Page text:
“This is an exciting time to be at the University of Maryland School of Medicine and Medical Center, with significant investments occurring in the Greenebaum Cancer Center, multi-disciplinary programs and facilities, and the new Center for Biomedical Innovation.” Dr. Woodworth added. “I am excited to integrate the resources and expertise of the neurosurgery department with these initiatives.”
Among his numerous honors and awards, Dr. Woodworth has received the Research Scholar Award from the American Cancer Society, the Andrew J. Lockhart Memorial Prize from the Focused Ultrasound Foundation and the University of Maryland Research and Innovation Award from the University’s M-Powering the State Program.
He earned his B.S. Degree in Chemistry from Tufts University and received his MD Degree from Johns Hopkins University School of Medicine. He completed both his internship and residency at Johns Hopkins University Hospital. He received additional fellowship training in the Neuro-Oncology and Cancer Nanomedicine programs at Johns Hopkins University School of Medicine, as well as advanced surgical training in cranial neuro-endoscopy at the Weill Cornell University Department of Neurological Surgery in New York, NY.
“We believe this will be a smooth transition in the leadership of this critical department,” Dean Reece added. “We are fortunate to have two nationally-recognized neurosurgeons on our faculty to continue the ground-breaking work that is dramatically improving the lives of patients with brain cancer and neurological diseases every day.”
About the University of Maryland School of Medicine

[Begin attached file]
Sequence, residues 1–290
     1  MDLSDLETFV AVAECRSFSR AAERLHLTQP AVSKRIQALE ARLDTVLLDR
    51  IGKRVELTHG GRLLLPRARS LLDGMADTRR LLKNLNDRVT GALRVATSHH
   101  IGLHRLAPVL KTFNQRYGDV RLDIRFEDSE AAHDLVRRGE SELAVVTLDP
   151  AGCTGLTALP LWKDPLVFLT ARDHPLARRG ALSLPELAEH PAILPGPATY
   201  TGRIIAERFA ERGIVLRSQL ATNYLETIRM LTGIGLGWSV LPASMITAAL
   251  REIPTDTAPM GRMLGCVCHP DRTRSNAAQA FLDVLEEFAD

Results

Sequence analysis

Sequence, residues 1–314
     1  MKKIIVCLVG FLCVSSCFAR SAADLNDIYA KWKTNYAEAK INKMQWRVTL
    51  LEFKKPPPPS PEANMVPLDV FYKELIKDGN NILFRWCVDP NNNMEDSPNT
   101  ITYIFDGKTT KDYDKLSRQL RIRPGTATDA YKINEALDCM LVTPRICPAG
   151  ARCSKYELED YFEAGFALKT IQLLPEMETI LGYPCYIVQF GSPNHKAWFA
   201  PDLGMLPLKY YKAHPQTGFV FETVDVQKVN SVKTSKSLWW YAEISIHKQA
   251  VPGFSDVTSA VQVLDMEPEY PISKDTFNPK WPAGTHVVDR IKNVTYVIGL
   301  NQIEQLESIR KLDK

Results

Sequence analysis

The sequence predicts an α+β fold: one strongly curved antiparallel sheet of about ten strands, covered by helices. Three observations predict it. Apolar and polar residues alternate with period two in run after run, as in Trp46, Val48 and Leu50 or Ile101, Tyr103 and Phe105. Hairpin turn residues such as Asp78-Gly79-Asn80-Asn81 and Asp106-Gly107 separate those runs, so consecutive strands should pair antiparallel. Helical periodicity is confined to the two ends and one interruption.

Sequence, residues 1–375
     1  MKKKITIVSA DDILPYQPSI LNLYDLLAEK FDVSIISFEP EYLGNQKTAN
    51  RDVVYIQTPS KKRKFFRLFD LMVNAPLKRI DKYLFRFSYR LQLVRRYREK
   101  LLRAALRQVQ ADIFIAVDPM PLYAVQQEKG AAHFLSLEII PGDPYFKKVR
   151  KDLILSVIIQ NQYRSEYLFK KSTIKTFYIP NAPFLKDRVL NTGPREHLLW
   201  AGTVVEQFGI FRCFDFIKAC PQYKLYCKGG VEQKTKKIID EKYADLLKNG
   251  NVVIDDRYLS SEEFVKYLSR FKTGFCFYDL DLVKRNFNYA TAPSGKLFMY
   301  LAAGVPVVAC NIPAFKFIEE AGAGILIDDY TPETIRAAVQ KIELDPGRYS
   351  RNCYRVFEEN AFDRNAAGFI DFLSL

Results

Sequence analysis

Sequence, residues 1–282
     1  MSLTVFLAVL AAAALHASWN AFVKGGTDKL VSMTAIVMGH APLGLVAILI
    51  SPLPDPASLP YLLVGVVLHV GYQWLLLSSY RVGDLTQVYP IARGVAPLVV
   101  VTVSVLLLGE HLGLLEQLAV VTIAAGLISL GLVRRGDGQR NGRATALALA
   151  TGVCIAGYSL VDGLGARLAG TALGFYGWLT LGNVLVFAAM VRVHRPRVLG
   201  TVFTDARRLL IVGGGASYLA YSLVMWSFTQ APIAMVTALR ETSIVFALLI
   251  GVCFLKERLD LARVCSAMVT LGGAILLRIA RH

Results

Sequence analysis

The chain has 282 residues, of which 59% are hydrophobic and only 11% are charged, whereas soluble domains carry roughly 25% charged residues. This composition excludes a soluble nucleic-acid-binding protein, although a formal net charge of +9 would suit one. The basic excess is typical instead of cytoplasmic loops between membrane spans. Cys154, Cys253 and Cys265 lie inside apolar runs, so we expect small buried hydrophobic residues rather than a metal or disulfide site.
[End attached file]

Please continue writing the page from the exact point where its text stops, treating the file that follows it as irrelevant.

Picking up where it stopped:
Now in its third century, the University of Maryland School of Medicine was chartered in 1807 as the first public medical school in the United States. It continues today as one of the fastest growing, top-tier biomedical research enterprises in the world -- with 43 academic departments, centers, institutes, and programs; and a faculty of more than 3,000 physicians, scientists, and allied health professionals, including members of the National Academy of Medicine and the National Academy of Sciences, and a distinguished recipient of the Albert E. Lasker Award in Medical Research. With an operating budget of more than $1 billion, the School of Medicine works closely in partnership with the University of Maryland Medical Center and Medical System to provide research-intensive, academic and clinically based care for more than 1.2 million patients each year. The School has over 2,500 students, residents, and fellows, and more than $530 million in extramural funding, with most of its academic departments highly ranked among all medical schools in the nation in research funding. As one of the seven professional schools that make up the University of Maryland, Baltimore campus, the School of Medicine has a total workforce of nearly 7,000 individuals. The combined School and Medical System (“University of Maryland Medicine”) has an annual budget of nearly $6 billion and an economic impact more than $15 billion on the state and local community. The School of Medicine faculty, which ranks as the 8th highest among public medical schools in research productivity, is an innovator in translational medicine, with 600 active patents and 24 start-up companies. Th School works locally, nationally, and globally, with research and treatment facilities in 36 countries around the world. Visit medschool.umaryland.edu